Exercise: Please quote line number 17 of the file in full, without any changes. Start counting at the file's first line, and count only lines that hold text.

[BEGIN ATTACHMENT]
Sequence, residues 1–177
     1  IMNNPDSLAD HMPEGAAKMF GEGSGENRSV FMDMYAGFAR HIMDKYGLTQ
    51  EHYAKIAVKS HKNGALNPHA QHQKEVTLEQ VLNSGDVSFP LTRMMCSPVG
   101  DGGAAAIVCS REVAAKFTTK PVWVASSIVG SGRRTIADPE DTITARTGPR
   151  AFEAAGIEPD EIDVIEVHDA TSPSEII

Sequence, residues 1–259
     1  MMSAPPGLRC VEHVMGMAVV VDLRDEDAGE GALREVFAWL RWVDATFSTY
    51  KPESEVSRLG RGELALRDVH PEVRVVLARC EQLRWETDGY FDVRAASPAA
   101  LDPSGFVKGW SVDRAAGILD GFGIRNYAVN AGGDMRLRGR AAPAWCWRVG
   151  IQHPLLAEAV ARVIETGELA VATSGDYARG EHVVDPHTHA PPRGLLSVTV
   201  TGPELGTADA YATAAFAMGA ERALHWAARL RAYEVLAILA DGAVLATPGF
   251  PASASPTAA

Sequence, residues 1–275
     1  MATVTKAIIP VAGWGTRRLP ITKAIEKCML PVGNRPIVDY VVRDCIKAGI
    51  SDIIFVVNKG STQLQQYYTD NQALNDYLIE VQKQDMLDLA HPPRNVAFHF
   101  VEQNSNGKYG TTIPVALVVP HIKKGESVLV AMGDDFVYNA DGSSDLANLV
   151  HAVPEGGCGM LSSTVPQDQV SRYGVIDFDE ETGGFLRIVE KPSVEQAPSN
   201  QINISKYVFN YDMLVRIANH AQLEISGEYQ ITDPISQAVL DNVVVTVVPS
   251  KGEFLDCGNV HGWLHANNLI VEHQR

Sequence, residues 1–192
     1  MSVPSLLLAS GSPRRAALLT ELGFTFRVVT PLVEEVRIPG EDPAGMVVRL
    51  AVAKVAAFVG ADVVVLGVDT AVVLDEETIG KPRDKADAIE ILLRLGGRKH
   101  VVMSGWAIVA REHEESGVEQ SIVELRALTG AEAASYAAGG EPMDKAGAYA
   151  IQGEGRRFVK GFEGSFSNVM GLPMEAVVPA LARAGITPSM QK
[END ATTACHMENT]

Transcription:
   151  HAVPEGGCGM LSSTVPQDQV SRYGVIDFDE ETGGFLRIVE KPSVEQAPSN